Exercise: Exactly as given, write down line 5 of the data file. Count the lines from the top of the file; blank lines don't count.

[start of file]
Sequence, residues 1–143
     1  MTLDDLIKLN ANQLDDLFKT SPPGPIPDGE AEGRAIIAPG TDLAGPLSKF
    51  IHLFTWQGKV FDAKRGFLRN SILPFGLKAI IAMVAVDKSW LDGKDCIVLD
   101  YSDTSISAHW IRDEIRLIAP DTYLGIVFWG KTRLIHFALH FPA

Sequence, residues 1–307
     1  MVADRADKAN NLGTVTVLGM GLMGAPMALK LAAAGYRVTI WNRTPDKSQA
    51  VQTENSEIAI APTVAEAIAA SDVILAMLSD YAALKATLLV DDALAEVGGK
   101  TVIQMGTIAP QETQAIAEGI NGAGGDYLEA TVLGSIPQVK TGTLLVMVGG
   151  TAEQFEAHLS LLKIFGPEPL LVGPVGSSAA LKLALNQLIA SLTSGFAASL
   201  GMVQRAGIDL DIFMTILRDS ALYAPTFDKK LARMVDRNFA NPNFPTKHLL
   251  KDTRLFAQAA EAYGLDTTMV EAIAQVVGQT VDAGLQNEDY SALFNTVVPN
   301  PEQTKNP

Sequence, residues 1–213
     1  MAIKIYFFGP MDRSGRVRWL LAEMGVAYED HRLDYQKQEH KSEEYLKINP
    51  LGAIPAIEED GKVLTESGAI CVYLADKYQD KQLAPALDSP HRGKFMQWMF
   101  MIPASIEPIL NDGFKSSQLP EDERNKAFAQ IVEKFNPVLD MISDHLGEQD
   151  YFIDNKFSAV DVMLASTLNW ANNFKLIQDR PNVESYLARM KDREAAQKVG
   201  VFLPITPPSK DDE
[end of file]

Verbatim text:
Sequence, residues 1–307